On 29.10.2014 18:03, Pierre-Andre Noel wrote:

Id rather have us discuss how to facilitate the integration of as many possible fft libraries with numpy behind a maximally uniform interface, rather than having us debate which fft library is 'best'.

I agree with the above.

Absolutely. I think the NumPy/Scipy interfaces are easy and convenient enough to serve as a front-end to different FFT codes.

I would agree if it were not already there, but removing it (like Blas/Lapack) is out of the question for backward compatibility reason. Too much code depends on it.

And I definitely agree with that too.

I think that numpy.fft should be left there in its current state (although perhaps as deprecated). Now scipy.fft should have a good generic algorithm as default, and easily allow for different implementations to be accessed through the same interface.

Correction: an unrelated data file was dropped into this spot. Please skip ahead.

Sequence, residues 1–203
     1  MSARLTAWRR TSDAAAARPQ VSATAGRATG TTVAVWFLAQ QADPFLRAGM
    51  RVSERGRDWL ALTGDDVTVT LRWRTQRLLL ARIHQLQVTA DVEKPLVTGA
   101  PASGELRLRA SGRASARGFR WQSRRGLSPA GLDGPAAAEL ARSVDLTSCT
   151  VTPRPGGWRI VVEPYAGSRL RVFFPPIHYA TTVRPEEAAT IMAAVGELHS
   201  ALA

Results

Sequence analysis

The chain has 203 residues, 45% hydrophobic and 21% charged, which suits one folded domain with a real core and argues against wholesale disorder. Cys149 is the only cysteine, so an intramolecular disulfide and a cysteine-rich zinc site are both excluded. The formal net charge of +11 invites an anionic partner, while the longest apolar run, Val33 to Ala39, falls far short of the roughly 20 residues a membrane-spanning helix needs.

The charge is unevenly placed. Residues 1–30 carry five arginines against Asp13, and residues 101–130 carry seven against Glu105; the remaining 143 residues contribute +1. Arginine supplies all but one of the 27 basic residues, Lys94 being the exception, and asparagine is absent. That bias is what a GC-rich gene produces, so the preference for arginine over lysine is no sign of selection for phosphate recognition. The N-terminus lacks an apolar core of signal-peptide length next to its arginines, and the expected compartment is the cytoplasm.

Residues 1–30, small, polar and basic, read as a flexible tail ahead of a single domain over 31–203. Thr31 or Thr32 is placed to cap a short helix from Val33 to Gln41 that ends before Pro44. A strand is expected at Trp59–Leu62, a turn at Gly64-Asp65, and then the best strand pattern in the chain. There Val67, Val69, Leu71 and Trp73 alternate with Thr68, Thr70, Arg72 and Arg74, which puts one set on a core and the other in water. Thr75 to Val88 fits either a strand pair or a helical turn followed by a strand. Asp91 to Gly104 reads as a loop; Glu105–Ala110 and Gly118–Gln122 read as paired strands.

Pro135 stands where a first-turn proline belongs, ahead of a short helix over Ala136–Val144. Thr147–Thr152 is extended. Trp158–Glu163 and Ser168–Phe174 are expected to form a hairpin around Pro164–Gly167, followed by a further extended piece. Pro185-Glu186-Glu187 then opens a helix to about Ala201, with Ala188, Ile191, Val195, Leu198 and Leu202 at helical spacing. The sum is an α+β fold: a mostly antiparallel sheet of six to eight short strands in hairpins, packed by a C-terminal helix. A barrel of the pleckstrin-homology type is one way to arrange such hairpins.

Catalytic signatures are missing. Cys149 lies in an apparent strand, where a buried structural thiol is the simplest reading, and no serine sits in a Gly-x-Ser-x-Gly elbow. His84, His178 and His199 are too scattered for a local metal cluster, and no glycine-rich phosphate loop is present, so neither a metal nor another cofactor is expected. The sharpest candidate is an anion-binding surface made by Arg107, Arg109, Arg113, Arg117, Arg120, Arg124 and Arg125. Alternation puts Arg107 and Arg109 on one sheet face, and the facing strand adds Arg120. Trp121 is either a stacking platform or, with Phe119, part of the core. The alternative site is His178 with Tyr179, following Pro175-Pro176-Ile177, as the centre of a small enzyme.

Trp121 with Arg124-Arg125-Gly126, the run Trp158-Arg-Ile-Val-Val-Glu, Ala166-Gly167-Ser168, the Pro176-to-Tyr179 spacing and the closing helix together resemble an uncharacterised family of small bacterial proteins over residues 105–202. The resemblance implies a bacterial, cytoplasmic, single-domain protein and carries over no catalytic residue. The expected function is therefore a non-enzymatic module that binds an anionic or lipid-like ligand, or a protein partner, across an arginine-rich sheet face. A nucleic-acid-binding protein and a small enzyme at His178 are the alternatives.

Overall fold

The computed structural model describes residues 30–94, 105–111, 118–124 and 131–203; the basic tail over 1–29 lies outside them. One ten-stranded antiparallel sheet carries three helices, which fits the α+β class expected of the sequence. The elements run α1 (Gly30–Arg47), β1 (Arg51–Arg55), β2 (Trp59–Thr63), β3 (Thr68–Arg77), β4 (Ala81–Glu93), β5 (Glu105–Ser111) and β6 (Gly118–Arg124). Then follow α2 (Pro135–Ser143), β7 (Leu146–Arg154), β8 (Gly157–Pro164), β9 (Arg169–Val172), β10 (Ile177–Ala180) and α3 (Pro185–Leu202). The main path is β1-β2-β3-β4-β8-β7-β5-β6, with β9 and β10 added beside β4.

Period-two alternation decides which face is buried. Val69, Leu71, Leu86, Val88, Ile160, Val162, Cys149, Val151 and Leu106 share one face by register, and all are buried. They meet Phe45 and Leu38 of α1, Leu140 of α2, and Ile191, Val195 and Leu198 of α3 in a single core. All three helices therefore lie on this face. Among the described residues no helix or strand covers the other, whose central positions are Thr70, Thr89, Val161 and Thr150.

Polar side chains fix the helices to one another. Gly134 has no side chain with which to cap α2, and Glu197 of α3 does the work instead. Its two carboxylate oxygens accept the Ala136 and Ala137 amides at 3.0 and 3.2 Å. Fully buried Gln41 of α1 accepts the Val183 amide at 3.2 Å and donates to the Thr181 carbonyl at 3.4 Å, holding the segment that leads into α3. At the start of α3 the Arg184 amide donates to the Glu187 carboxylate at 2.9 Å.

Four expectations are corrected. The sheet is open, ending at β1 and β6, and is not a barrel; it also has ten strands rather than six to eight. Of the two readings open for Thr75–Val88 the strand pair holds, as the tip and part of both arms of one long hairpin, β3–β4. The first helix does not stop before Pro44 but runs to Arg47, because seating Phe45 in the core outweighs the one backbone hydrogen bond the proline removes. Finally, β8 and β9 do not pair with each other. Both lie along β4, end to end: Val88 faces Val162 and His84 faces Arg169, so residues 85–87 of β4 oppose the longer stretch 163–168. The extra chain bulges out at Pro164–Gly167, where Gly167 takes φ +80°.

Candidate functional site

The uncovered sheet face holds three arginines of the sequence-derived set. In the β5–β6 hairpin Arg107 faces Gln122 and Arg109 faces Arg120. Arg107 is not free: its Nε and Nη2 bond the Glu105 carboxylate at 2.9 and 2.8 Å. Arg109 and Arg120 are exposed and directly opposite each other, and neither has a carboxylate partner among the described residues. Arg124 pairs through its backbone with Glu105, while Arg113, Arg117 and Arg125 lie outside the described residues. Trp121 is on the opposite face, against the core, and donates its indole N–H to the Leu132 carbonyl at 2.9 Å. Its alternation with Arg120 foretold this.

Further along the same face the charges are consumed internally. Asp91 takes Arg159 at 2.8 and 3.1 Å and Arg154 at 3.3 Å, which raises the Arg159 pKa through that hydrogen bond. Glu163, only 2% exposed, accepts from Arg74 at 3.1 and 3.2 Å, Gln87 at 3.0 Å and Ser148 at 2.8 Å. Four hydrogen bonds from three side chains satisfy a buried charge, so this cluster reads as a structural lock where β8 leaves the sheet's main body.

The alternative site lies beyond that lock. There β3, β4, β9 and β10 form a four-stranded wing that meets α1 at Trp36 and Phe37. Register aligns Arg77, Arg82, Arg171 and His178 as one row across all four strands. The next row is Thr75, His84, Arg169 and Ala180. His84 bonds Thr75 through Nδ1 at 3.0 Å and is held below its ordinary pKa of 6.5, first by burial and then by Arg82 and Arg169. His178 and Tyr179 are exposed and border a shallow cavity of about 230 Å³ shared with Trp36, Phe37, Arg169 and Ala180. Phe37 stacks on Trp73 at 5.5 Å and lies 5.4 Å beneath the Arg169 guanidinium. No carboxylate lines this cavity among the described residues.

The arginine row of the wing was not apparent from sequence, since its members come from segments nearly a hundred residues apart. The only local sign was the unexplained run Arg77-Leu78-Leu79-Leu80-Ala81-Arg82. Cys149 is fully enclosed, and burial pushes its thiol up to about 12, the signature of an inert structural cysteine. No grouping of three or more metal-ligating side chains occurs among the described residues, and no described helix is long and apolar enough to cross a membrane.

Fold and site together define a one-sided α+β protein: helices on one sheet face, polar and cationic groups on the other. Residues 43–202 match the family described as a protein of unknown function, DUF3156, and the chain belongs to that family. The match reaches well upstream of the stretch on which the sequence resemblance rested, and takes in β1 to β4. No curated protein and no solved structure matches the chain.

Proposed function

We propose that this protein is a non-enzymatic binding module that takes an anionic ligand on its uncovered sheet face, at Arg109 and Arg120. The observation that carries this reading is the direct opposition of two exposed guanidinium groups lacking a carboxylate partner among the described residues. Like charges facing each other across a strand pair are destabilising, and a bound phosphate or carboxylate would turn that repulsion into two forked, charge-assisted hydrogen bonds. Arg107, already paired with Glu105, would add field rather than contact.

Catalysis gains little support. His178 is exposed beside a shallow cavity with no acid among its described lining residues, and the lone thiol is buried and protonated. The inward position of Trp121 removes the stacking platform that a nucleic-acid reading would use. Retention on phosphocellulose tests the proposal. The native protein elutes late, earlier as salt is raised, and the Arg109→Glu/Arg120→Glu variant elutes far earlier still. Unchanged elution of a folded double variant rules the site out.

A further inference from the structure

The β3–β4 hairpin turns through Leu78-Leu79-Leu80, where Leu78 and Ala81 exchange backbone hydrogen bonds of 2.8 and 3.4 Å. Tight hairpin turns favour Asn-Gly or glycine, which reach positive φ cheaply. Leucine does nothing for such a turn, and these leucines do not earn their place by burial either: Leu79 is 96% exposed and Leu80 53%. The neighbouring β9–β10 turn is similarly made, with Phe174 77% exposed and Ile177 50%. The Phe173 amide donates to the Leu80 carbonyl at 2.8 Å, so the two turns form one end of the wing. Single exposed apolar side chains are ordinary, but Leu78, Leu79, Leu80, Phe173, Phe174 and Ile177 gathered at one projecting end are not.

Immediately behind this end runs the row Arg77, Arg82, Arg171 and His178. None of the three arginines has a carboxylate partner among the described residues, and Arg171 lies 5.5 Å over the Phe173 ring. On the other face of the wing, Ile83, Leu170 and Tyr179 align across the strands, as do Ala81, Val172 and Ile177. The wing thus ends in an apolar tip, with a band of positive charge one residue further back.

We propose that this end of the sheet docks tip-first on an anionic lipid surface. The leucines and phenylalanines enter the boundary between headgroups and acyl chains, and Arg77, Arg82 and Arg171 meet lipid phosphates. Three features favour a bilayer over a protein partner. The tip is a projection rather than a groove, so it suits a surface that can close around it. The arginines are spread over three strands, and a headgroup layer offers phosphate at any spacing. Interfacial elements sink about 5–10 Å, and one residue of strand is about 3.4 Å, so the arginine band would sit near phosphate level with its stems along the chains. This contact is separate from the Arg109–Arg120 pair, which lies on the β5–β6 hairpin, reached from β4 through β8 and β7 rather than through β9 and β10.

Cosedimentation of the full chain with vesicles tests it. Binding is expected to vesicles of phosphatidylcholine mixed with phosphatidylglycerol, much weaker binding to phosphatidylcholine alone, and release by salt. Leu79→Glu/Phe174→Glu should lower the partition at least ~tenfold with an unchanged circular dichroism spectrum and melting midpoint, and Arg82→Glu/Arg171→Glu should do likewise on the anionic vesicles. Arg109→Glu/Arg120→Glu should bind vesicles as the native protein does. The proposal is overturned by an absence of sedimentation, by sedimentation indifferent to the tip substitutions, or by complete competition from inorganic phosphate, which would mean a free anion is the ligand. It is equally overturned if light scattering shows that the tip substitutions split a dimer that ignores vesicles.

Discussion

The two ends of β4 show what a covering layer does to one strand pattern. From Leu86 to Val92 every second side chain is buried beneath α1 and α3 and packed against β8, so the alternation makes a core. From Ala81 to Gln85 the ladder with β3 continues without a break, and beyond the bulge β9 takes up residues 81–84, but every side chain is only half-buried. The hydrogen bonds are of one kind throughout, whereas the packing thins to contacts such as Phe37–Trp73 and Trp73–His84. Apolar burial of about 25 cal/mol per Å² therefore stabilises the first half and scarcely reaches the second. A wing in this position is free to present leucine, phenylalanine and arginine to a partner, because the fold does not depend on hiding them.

Definitely. My attempt at streamlining the use of pyfftw even further can be found here: https://github.com/aeberspaecher/transparent_pyfftw This small package does nothing more than to automatically load fftw wisdom on export and add a keyword that gives the number of threads to use to NumPy/Scipy style FFT calls. I think similar attempts could be made with other FFT libraries. The mission statement would be to map each library's interface to the simple and convenient SciPy/NumPy-style interface, and also to wisely choose default parameters (such as e.g. pyfftw's planner_effort). Also, I think it's obvious that a generic and easy-to-use implementation cannot deliver exactly the same performance as hand-tuned code, but anyway I see plenty room for improvement for SciPy/NumPy's FFT modules. Alex